History and Violence in Modernist Literature

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Literature, through the different periods, has reflected human history and the contemporary world situation, and the modern literature is one of the most effective ways to understand the modern human and world environment. World history in the twentieth century is especially noted for the various wars, bloodsheds, violence etc and the modernist literature, including fictions and poems, has attempted to represent this human situation.


The warlike nature of man is the most important theme of the celebrated novel by McCarthy, Blood Meridian (1985), and references to historical, religious and mystical themes, affairs and persons can be found on almost every page of the work. "Slough," published in his collected works Continual Dew in 1937, "is one of Betjeman's most famous poems and perhaps his harshest indictment of humanity: he rebukes us for our materialism, our insensitivity to our environment, our moral and sexual corruption and our indolent preference for the benefits of modern technology at the expense of traditional culture." (Gardner and Betjeman, 162) Therefore, both the literary pieces significantly deal with the relationship between history and violence in the modern world.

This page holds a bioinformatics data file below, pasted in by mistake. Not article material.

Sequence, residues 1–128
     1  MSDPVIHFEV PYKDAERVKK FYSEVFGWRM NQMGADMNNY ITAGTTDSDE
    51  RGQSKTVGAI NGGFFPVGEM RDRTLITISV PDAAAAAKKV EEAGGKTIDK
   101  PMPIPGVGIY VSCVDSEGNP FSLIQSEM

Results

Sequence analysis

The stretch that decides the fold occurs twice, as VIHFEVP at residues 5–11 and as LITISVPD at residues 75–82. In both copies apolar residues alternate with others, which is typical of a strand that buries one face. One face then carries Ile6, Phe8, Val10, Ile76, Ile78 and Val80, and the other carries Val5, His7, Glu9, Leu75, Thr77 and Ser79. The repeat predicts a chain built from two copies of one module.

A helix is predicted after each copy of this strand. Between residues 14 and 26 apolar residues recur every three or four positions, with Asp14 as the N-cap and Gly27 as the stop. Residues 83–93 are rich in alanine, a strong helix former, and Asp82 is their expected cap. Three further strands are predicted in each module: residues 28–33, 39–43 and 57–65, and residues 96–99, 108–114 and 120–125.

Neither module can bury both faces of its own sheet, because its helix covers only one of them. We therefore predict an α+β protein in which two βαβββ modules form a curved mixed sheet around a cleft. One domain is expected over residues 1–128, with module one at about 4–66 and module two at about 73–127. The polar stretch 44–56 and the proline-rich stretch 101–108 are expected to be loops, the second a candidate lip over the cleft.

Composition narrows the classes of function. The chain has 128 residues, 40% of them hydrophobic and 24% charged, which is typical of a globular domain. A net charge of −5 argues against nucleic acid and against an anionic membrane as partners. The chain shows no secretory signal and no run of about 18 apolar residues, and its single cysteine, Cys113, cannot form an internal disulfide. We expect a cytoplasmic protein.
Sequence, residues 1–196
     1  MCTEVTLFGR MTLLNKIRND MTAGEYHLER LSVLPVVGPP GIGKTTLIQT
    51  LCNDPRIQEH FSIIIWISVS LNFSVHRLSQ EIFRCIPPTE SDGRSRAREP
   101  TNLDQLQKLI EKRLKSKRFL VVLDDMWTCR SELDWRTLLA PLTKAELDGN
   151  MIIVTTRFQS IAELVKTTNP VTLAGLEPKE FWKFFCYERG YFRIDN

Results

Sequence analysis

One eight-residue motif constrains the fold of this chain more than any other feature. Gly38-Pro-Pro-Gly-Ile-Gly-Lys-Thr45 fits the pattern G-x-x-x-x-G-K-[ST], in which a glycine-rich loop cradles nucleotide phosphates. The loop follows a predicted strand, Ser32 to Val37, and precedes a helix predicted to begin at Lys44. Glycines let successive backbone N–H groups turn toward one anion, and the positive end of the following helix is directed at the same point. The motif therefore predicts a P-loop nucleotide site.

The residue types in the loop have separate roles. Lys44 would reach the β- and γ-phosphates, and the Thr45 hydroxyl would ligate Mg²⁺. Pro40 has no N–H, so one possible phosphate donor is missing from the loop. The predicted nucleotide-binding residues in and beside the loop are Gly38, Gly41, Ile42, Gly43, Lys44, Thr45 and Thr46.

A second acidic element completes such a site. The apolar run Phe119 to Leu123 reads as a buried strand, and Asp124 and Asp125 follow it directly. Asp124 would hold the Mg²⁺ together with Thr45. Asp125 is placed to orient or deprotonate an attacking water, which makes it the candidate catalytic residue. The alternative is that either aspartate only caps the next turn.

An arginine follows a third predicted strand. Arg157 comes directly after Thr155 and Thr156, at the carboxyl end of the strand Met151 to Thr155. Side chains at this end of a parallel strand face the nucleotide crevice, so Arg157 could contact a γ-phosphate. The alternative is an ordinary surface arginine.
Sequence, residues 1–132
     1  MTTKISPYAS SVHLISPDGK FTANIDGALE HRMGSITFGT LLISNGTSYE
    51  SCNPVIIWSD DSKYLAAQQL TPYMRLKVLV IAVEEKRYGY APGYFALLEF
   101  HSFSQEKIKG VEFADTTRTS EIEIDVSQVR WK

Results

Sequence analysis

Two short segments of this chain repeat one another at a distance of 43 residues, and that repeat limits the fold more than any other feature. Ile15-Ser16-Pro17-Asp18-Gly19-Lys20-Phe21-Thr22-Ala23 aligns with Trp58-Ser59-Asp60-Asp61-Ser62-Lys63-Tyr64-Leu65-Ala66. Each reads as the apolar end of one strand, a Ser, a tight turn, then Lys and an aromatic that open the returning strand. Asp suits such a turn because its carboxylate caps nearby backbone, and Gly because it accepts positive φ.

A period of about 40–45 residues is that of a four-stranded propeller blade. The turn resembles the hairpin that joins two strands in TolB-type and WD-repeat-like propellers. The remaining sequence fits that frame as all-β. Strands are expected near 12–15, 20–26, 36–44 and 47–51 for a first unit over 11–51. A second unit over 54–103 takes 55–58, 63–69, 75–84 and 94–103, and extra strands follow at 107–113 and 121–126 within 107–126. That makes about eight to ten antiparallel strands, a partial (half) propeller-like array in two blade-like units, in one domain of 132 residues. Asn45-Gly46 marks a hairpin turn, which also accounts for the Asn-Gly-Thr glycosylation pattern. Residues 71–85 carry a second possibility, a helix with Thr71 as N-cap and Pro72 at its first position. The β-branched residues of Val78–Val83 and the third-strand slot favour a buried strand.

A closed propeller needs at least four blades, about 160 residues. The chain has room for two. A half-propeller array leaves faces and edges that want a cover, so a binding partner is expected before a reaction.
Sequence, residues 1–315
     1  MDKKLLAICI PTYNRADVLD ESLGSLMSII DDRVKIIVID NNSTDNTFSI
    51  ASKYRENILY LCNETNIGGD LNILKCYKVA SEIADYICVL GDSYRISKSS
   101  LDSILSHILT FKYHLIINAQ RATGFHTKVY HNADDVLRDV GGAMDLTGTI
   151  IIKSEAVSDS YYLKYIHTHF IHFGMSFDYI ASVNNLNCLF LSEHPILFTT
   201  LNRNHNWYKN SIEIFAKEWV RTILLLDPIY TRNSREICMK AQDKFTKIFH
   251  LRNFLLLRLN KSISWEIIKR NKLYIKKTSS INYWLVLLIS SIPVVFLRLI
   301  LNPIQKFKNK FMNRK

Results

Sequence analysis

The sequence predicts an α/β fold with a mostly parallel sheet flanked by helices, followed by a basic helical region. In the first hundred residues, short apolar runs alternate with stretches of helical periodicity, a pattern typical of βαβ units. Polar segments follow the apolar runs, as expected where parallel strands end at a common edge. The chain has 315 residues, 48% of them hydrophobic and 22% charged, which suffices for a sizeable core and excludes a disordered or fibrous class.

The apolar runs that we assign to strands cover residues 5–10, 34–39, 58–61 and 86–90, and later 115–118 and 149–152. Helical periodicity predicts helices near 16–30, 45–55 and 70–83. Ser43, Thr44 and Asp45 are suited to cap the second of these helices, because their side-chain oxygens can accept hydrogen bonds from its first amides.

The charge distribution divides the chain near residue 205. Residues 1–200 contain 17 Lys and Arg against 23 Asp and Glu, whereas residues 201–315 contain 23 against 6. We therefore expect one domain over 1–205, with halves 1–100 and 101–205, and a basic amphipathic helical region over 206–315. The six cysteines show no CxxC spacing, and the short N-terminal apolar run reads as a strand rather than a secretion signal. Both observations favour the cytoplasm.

The novel by McCarthy has ever been acclaimed as one of the best modernist fictions dealing with violence and connecting it with history. "Blood Meridian (1985) is the alpha and omega of the novel of violence... ...
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